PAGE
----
AT the time of writing, no-one knows who will represent Spain at the Rio Olympics. No member of the royal family has been designated and acting president Mariano Rajoy is staying put. This is not pique because the Games should, in all fairness, have gone to Spain, but fallout from the political parties’ inability to get their act together and form a government.
Who in their right mind would want to go to Rio right now? The Zika virus, a self-proclaimed Islamist terrorist threat and the ever-present threat of violence are hardly inviting. Sighs of relief all round at possessing cast-iron reasons for not going.
HAD Cataluña been allowed a referendum a couple of years ago the ‘remain’ vote would have obtained a narrow victory. No longer, the latest opinion poll showed that the balance has tipped in favour of independence.
If Prohibition turned America into a nation of drinkers in the early 20th century, vetoing a Catalan referendum is creating a nation of separatists.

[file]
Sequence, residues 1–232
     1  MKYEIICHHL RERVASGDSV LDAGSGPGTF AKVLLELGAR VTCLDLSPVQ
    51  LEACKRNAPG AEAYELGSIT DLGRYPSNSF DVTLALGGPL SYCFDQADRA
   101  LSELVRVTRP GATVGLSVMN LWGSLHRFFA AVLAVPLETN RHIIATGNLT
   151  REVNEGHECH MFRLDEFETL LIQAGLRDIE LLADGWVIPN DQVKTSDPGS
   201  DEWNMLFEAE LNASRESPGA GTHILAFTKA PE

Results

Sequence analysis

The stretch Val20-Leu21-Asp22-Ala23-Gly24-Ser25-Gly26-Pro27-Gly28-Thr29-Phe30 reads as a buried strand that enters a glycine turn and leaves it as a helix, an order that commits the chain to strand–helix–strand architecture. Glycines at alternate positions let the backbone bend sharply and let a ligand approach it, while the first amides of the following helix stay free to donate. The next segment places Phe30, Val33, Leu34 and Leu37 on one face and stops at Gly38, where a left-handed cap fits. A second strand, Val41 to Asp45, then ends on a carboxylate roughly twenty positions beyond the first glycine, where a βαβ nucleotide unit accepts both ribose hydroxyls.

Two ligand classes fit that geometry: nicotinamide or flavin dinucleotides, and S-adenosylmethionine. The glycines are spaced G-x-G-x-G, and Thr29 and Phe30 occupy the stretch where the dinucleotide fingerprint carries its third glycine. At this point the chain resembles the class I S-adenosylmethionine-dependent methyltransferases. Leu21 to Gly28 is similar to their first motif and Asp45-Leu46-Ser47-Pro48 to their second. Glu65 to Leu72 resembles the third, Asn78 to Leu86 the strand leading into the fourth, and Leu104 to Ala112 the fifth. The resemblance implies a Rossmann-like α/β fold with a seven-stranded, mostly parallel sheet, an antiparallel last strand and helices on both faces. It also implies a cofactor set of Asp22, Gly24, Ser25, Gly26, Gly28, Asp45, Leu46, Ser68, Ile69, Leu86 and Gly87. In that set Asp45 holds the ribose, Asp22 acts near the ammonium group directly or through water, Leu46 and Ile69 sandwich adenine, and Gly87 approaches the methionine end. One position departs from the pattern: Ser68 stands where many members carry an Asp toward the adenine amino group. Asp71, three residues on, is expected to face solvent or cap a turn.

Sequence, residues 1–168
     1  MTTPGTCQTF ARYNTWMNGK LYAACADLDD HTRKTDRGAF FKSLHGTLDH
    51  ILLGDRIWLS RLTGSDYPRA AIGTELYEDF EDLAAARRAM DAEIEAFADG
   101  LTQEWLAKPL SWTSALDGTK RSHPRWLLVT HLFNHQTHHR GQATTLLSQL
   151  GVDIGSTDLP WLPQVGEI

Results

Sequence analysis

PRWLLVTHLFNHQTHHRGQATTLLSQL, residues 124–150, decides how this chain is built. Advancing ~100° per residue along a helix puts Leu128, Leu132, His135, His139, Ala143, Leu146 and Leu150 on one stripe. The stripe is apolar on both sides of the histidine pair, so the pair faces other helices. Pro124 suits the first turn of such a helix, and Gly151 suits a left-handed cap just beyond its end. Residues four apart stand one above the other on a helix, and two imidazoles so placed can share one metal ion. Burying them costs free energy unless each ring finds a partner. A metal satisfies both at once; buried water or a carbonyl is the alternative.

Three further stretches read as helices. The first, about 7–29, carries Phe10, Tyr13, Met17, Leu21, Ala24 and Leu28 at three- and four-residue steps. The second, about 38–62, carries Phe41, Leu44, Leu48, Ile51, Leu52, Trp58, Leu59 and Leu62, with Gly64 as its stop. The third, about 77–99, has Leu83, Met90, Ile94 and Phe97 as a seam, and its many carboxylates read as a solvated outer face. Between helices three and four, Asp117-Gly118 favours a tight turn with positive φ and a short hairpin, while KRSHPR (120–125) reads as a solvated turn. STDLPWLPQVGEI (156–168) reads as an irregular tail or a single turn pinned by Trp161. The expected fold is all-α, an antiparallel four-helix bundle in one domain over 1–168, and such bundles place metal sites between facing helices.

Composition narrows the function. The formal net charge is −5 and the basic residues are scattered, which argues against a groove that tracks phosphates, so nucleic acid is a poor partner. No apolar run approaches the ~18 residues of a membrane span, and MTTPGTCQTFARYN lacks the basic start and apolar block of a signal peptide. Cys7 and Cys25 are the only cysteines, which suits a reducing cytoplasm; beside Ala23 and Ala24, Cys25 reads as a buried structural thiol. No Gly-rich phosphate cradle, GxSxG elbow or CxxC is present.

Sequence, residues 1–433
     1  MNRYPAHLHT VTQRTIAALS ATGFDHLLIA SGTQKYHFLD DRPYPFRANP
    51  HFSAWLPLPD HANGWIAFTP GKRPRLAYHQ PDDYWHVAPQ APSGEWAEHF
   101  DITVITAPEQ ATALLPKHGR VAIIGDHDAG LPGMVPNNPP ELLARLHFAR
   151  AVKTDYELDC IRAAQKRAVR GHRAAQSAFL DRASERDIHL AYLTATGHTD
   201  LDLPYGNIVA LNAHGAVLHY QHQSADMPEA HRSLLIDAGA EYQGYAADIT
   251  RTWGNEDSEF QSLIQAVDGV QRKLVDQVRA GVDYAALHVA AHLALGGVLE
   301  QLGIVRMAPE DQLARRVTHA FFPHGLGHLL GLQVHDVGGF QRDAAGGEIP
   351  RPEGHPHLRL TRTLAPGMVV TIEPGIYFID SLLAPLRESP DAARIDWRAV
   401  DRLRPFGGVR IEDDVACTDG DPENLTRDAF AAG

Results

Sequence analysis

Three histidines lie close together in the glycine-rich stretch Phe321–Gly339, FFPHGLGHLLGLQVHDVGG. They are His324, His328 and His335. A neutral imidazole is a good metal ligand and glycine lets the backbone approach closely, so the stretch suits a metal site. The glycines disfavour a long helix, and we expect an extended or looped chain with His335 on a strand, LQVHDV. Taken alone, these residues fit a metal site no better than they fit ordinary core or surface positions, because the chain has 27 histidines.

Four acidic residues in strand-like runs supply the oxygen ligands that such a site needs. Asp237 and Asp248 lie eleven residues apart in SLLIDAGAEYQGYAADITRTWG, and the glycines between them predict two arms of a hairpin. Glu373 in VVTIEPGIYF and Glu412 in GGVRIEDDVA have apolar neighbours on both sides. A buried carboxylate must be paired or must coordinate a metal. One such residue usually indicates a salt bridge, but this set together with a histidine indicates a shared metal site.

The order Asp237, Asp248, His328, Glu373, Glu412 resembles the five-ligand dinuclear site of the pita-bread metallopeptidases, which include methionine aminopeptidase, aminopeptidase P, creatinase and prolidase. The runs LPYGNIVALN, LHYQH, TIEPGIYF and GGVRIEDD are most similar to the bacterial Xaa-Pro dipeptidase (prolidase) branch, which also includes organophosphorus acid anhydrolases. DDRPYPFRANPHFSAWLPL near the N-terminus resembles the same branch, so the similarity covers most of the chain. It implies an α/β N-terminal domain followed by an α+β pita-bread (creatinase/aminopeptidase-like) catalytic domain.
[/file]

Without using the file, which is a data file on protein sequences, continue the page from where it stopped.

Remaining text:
Get on with it
THE Spanish complained in the past that “all politicians are the same” and they haven’t changed their minds in the present. They are running out of patience as they are forced to endure dickering and bickering between people who are paid to represent them but can’t manage to form a government.
The argument heard from intransigent MP’s – usually socialist – that they have a responsibility to their voters won’t wash. Few voters care a jot about party politics: they just want a government, any government, and they want it now.
Pots and kettles
SPAIN must make another €10 billion in cuts, Brussels says, but heaven knows what part of the welfare state will be slashed to provide them.
Acting president Mariano Rajoy campaigned twice on the strength of returning the economy to the straight and narrow while running up a huge debit balance.
Four years on he and his ministers continue to bleat about the situation they inherited from the socialists but studiously ignore the situation they have created themselves.